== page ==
Trainers can also strategize to program movement variations that allow for skill practice without accumulating excessive volume or fatigue. For example, even an advanced athlete can benefit greatly from practicing (rather than training) a movement like the muscle-up. This is not always optimally accomplished by simply performing more reps of the full movement. Bringing the athlete back down to the low rings to refine technique can pay dividends, as this allows them to practice performing more perfect reps before fatiguing than they could if they were performing the full movement. This technique is often used with weightlifting movements by simply adjusting the load; it is not necessary (and often counterproductive) to lift at a high percentage of your 1-rep max to develop and/or improve technique. With gymnastics movements, the load is your body weight. Finding creative ways to reduce that load to refine technique is just as important as it is for something like the clean or snatch.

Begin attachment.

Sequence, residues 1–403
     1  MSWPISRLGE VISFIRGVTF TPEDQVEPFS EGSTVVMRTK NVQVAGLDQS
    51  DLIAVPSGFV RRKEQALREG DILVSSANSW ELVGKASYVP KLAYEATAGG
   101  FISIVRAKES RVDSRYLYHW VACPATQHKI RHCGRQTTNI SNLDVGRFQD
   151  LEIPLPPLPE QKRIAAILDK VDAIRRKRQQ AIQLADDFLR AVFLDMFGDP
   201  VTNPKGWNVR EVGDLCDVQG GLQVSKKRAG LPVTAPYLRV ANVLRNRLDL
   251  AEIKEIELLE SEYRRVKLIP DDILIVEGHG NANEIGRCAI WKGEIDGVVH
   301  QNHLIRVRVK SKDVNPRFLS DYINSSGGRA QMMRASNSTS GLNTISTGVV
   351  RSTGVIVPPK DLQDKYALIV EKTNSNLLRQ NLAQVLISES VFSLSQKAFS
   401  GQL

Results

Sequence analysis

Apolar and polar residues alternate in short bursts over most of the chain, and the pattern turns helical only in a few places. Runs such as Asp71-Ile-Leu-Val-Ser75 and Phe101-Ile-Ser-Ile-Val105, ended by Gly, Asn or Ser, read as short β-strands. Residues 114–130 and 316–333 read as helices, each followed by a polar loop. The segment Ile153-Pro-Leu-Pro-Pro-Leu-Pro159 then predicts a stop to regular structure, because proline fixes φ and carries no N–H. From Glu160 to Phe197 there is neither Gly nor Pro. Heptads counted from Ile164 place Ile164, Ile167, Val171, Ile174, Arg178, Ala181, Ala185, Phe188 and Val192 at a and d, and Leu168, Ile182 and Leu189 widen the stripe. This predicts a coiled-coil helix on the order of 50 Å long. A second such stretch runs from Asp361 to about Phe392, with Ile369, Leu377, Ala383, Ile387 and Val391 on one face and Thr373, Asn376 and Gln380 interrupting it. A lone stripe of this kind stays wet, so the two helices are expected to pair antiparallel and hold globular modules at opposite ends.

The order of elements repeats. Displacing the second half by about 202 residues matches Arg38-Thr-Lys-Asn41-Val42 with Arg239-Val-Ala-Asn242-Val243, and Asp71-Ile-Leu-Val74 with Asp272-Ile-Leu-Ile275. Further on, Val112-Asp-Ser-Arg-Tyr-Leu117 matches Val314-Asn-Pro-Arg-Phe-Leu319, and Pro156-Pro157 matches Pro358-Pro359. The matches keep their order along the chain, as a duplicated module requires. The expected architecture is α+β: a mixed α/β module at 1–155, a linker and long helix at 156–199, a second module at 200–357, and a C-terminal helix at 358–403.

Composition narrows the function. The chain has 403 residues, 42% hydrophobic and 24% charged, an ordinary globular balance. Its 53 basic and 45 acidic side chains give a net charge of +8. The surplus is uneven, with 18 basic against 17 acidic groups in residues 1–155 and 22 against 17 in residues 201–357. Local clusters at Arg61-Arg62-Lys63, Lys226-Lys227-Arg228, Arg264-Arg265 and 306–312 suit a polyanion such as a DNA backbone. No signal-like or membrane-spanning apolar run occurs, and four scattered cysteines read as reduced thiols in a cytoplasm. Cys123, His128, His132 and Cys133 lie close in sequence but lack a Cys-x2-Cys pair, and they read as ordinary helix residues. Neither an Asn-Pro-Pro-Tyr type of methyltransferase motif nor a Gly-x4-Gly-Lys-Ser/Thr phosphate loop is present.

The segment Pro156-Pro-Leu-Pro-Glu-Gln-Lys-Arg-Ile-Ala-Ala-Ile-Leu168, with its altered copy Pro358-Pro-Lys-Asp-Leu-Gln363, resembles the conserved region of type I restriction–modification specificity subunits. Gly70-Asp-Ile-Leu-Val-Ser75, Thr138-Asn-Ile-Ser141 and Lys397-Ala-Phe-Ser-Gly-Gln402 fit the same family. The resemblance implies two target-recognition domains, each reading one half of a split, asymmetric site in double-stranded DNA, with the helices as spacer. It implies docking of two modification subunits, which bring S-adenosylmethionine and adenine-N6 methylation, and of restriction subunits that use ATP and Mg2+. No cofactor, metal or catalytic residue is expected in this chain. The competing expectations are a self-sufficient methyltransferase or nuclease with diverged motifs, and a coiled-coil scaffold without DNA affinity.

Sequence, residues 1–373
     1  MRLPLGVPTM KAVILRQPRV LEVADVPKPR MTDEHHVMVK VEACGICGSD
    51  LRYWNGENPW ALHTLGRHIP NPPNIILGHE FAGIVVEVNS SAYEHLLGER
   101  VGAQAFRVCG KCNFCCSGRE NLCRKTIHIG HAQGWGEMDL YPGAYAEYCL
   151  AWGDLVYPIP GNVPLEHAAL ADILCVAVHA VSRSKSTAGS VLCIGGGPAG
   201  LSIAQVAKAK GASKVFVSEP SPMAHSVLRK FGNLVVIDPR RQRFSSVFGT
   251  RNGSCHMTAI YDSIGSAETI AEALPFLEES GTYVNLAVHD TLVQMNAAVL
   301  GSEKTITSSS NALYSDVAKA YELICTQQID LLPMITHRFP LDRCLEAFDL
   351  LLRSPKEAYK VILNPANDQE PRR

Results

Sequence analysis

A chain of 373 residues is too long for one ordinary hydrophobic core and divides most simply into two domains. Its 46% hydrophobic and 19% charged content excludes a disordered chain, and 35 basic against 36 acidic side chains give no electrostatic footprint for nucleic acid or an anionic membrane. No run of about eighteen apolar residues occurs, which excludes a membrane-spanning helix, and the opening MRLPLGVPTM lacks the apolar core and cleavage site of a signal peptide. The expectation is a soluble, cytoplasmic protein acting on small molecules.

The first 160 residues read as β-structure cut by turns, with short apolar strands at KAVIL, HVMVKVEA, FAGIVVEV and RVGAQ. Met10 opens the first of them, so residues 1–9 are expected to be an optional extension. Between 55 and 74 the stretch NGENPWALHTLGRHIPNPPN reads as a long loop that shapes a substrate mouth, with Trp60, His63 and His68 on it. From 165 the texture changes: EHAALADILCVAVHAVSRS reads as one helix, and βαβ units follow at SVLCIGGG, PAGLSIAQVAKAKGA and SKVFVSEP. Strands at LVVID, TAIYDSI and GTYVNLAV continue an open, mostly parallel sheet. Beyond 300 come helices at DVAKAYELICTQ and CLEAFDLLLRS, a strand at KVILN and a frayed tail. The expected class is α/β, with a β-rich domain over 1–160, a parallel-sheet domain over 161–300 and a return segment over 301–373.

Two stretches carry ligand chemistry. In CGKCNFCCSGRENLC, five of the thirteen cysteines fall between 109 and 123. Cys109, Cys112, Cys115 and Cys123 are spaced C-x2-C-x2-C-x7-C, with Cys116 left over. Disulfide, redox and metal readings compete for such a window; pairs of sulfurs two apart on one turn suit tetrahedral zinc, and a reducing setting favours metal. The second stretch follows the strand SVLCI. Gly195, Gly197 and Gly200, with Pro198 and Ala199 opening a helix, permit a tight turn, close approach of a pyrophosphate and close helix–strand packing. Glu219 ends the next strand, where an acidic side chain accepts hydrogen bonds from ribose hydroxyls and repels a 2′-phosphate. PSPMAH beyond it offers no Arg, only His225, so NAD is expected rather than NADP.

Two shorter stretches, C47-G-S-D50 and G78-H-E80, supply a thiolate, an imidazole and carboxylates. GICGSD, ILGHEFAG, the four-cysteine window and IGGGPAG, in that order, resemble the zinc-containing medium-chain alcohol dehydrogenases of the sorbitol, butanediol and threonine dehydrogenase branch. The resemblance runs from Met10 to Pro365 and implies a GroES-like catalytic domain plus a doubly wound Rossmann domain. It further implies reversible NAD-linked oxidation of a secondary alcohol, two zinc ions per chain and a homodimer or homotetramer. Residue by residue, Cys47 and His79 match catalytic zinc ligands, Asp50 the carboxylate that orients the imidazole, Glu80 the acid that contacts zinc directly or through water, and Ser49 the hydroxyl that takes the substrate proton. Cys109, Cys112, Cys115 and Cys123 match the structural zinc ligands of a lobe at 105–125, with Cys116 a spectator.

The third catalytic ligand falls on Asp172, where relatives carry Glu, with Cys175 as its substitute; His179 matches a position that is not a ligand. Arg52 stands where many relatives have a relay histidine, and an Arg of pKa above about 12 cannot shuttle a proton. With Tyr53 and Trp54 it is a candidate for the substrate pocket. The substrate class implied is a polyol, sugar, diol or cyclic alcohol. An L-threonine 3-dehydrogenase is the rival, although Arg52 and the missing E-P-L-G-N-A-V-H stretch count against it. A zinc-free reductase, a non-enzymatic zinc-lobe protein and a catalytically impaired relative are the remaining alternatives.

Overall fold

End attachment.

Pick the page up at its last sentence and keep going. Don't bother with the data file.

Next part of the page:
Although it can be daunting to constantly recreate the struggle of the beginner, the dividends make the investment worthwhile. No matter where an athlete falls along the spectrum of experience, they should always seek new additions to their skill set. Trainers should take responsibility for guiding their athletes through this process. It is not enough to simply bring a new athlete up to a baseline of acceptable performance. The diligent and professional trainer striving for excellence should continually educate themselves in order to encourage and continue to push the development of even their most advanced athletes. If athletes have stalled out or fail to see the benefits of learning new skills, this can often be attributed to a trainer who lacks the skill set or education needed to further athletes’ development. In order to improve and build upon existing skill sets, commit to seeking out new ways to challenge your athletes and yourself as a trainer.